Vesting schedules and cliffs are ways for companies to incentivize long term commitment from employees, as most common vesting schedules are over the course of 4 years with a 1 year cliff. This means that you would receive 0% of your equity compensation for the first year, then receive 25% every year after that until you fully vest 100% of your grant. Many companies have different schedules and refreshers, as well, to help incentivize loyalty beyond those 4 years.
Options, Vesting, and Cliff, example Let’s run through an example to help paint a picture.
Situation: You were awarded a Stock Option for Startup A, which gives you the right to purchase 1000 shares of Startup A at a strike price of $10. The vesting schedule is 25% every 4 years, with a 1-year cliff.
You work for Startup A for 12 months and the company sees solid growth and the fair market value of the stock is now up to $30 per share. After your first 12 months, you can now vest 25% of your total grant, meaning you can exercise the option to purchase up to 250 Shares of Startup A at the pre-determined strike price of $10 or you can wait and see if the company continues to grow.
If you exercise your option now, you would buy 250 shares of Startup A for $2,500 (250 x $10), but the stock is actually worth $30 per share, so you're now net $5,000 (250 x $30 - $2,500) if you're able to sell the share right away (typically through secondary markets or a company buy back at earlier stages, and IPO or liquidity events for public or later stage companies).
If you decide to wait for a future vesting date, say at 24 months, you would have the option to exercise up to 50% of your grant (in this case 500 shares) at the $10 strike price. Assuming $30 per share, you would net $10,000 (500 x $30 - $5,000). And if the company grows beyond their $30 per share market value, then you stand to make an even larger profit.
Taxes on Equity Compensation
The example above is simplified to help understand vesting, cliffs, and options, but something to keep in mind is tax implications on equity compensation. Options, RSUs, and RSAs are all taxed differently, so we suggest taking a look at Holloway’s Guide on Taxes on Equity Compensation.
We are not tax professionals, and if you are unsure about any tax implications with your offer, we would suggest connecting with a tax professional.
Evaluating Equity Compensation
Now that you have an idea of how equity compensation is structured, how do you evaluate all the pieces to ensure you’re set up for success?
You will have to understand, and potentially make educated guesses, on multiple factors. With regard to equity compensation, these are the big pieces to consider:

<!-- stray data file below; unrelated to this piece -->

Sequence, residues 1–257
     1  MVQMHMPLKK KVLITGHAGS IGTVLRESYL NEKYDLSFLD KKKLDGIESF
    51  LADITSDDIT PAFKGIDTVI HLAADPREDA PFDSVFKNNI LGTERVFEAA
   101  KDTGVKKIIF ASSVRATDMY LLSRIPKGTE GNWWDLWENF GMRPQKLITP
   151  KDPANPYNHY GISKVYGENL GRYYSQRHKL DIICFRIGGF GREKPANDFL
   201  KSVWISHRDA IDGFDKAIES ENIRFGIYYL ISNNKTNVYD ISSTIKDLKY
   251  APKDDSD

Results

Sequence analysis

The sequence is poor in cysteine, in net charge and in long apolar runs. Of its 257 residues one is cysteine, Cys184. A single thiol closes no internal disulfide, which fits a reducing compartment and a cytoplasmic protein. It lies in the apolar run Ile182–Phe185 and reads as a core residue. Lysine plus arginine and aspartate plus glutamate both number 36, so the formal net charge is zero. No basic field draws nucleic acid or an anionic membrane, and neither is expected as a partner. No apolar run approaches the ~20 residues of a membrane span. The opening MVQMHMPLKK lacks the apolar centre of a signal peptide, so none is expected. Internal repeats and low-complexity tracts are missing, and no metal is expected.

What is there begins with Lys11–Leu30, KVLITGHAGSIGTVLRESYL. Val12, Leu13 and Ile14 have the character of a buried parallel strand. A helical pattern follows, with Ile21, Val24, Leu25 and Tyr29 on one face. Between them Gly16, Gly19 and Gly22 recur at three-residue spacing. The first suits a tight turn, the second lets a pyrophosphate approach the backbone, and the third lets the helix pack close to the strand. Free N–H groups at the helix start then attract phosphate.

- Equity Value – Obviously, the most important piece is estimating equity value to know how much you potentially stand to gain. There are two other things to consider, as well.
a. Percentage Ownership – For startups, the number of shares you have is less important than knowing your percentage ownership of the company.
b. Risk – Startups are inherently risky; you will need to understand the risk and dilution to help get an idea for the possible future value of the company.
- Vesting and Cliffs – Know when you will receive the equity and how you will be able to use it. More likely than not, you will receive Stock Options, so understand the strike price, exercise windows, and vesting periods.
- Tax – Taxes are complex and detailed. Understand how your taxes might be affected by the type of equity grant you receive and when you may have a taxable event.
- Liquidity – We’ll go over more details in the next section, but you will need to consider when you can sell your stock and if you stand to profit from it.
Selling Private Stock
As discussed before, private companies don’t trade on public markets, so you can’t just buy/sell a private stock like you would a public stock.
For shareholders of a private stock, you would typically need a liquidity event, to sell your stock. These events are primarily only when a company is sold or IPOs, so the likelihood of being able to sell private stock is low.
There are rare occasions, sometimes called secondary sales or private sales, where a private company’s stock is sold to another private party. An example might be when an employee sells their stock to a private investor who wants to invest in the company outside of a funding round. Often times, the company has to be a part of this conversation though, as there are implications which could impact the company as a whole.
Exercising Stock Options
More likely than not, you will have gotten Stock Options as the primary piece of your equity compensation. Below, we go over a few scenarios to help you understand how best to exercise your options.
- Exercise the option and hold the stock – Your vesting date is here and you want to exercise the option and buy the stock at the strike price. You’d pay the company for the stock, pay any applicable taxes, and now you’re a shareholder of the company. Since it’s still private, you won’t be able to sell the stock until a liquidity event happens or you engage in a secondary sale.
- Wait until an acquisition to exercise – As noted above, a sale of the company would be a liquidity event allowing you to exercise your options to buy the stock. Keep in mind that if the company is not doing well and sells for less than the initial investor funding for it (liquidation overhang), they will have to pay back preferred stock holders first, so you may not make any money from this.
- Exercise and engage in a secondary sale – Again, it’s a rare situation, but you may be able to exercise your option and sell the stock to a private party, such as a private investor, a board member, etc.
- Cashless exercise – During an IPO, your broker may allow you to exercise all of your vested options and sell a portion of them immediately to cover for taxes and you will receive the rest as stock.
The first three scenarios will require significant cash up front, to cover for any tax implications, so be sure you understand how much you will owe and how best to work in these cases.
We always advocate for negotiations before accepting any job offer. This is a big commitment, so both you and your employer want to make sure it’s a good fit and everyone is comfortable with the arrangement.
Something to keep in mind is that startup salaries are often below what you might get at an established company, since they need the cash flow to help build and scale the business. Because of that, negotiating equity is a key component when considering startup offers.
We offer some valuable tips on negotiating startup offers on our blog, so we won’t spend the time in this guide.